Flavor Profile Apple juice, lemon, milk chocolate
Out of stock
371 smallholder farmers organized around the Kabngetuny Cooperative Society
Batian, K7, SL28, SL34, and Ruiru 11
Kericho County, Kenya
Fully washed and dried on raised beds
July | August - December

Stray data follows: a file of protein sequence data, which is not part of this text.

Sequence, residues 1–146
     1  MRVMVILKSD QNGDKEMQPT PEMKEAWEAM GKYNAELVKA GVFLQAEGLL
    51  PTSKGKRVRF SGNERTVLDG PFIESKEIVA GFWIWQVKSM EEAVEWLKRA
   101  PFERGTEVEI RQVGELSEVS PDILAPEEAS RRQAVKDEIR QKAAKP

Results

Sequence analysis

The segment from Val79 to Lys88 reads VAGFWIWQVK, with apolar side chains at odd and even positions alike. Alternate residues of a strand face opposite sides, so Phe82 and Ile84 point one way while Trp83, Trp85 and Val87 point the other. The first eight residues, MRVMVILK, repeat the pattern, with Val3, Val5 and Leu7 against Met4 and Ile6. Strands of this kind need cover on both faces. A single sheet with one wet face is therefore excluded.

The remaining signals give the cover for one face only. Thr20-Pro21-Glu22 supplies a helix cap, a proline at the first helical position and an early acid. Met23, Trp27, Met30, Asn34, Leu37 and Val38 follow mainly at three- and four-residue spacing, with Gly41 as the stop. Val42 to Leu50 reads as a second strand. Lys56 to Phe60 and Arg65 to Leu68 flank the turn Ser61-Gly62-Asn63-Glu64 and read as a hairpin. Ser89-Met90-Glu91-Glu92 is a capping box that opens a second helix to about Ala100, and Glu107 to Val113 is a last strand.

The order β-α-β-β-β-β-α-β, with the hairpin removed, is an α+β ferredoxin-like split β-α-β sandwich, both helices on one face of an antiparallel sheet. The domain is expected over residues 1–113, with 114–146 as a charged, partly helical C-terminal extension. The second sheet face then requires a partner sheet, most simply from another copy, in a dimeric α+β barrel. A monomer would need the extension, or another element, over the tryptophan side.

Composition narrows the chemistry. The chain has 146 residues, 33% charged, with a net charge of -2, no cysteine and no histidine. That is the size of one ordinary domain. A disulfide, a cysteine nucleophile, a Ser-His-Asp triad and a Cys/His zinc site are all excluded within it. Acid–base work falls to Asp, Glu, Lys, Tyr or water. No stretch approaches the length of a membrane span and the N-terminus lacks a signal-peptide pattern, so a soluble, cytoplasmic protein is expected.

Looking to support women in coffee? Then you will want to taste coffee from the Kabngetuny Cooperative Society where something very uncommon for Kenya is happening. In 2015, the men in the cooperative agreed that women should own coffee trees. With about 70 trees each, nearly 400 women formed an association within the Kabngetuny cooperative. Having their own trees has meant that they could become cooperative members, open bank accounts, and get paid directly for the coffee they delivered to the factory. Each of these women deliver cherries from the trees they own to the cooperative’s factory located in Kericho county where coffee is received, weighed, depulped, fermented, washed and soaked for long periods of time before being laid out on raised beds to dry. Pretty common processing practices for most Kenyan coffee cooperatives. And at first, their coffee was used exclusively to create a national brand of roasted coffee called Zawadi, “the gift” in the Swahili language. But many within the cooperative, mostly the men, started to notice that the quality and yields were better than other coffees produced at the factory. These women have been making good investment decisions for their coffee trees and their families using the money they earned from the harvest. And naturally, the coffee they are producing, from one of the most renowned origins in the world, has found a place in the international market. It should be no surprise that these women have much more to do for themselves and their planet. They have succeeded in other initiatives like converting their kitchen stoves from wood to biogas fuel. Good for the environment and dramatically reducing the time required for collecting firewood each day. They are also using the same biogas technology to diversify their income beyond coffee with a maize mill project.